...will a US-China trade deal occur quickly enough to avert an otherwise impending recession? After Friday’s news on this front, a more short-term question has emerged: does a mini-deal between the US and China count?
To help answer this, a few observations:
1. The terms of the deal involve agricultural purchases by China – along with some token measures on currency and intellectual property – in return for the US not increasing tariffs by 5% on October 15;
2. The concessions by China are similar to what they originally offered in May, while the US is conceding something that didn’t even exist until they created it 60 days ago; and,
3. The exact terms of the deal are in fact not finalized, but instead are to be hammered out over the coming month.
In summary, this deal is arguably the smallest between the two countries that could still be deemed newsworthy. No tariffs have been repealed; no fundamental changes have been made to China’s industrial strategy. For even the casual observer, this mini-deal feels like it is more about temporarily “changing the narrative” from other political hot-topics than it is about genuine progress for trade relations between the two countries.
Recall that the threat of a full-blown recession hinges on whether the current slump in global manufacturing triggers a feedback loop, where falling business confidence ultimately transmits to the otherwise stalwart US consumer. Predicting the perceptions of individuals is difficult, but it seems fairly intuitive that a Fortune 500 management team currently planning for 2020 will not gain adequate confidence from Friday’s mini-deal to suddenly increase next year’s budget or profit outlook.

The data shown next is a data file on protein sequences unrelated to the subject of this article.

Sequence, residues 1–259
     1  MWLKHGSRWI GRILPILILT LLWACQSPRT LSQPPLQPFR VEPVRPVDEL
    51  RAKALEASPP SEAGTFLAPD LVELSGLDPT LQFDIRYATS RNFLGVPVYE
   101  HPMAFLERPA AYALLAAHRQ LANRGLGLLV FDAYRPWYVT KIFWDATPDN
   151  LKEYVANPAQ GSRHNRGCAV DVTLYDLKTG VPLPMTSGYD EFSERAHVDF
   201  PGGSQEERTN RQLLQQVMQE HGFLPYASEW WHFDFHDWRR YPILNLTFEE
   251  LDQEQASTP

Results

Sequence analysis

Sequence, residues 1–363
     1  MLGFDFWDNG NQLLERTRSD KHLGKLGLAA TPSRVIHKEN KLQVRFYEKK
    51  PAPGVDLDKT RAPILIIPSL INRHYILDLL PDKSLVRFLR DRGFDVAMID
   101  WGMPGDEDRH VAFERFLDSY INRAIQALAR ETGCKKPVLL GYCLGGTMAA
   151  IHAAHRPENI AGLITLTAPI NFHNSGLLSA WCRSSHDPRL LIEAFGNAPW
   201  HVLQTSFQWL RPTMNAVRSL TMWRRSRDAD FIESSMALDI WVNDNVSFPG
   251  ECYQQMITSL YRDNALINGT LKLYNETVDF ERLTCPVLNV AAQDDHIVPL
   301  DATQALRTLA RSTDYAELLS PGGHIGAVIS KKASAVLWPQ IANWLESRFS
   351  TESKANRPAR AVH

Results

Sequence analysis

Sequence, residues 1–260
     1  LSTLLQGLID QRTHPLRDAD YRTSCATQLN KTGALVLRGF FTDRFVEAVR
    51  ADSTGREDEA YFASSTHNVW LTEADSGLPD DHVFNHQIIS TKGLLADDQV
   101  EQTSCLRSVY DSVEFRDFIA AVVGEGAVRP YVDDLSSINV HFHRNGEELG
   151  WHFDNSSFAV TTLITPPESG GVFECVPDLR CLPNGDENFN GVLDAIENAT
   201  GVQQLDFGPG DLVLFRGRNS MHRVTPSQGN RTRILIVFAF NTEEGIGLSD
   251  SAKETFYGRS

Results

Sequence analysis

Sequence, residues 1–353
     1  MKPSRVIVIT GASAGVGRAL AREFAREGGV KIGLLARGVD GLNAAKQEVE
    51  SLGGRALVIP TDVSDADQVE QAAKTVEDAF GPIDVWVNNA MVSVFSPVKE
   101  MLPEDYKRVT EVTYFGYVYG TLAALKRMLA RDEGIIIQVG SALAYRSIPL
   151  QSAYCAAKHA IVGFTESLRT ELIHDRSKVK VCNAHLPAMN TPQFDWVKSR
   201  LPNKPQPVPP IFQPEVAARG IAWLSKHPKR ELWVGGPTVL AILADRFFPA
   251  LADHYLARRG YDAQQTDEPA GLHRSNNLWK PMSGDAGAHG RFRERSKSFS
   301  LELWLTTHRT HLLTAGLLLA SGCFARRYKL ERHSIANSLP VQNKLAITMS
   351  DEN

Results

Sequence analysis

This particularly important right now since the Q3 earnings reporting season will begin this week. Not only will management teams provide results for the past quarter – a period that will include broad “List 4” tariffs for the first time – but many companies will also provide at least a directional outlook for 2020. With equity markets near their highs, valuations above average and Street expectations of 10% earnings growth next year, a less-than-confident business environment poses some obvious risks to equity markets.
While all of this reads fairly logically, it is important to note that for now financial markets disagree. The mini-deal could in theory morph into a much broader one. The concerns above might never ultimately transmit to the consumer given what appears to be new, structurally lower levels of unemployment in developed countries. Last-minute progress on Brexit is also adding to a general feeling of tension relief (we’ll believe that when we see it). For now though, these remain rather hopeful outcomes while the contraction in global manufacturing and business confidence is a current reality that Friday’s mini-deal is too small to change. Financial markets are probabilistic, and the balance of probability still seems notably weighted to the downside.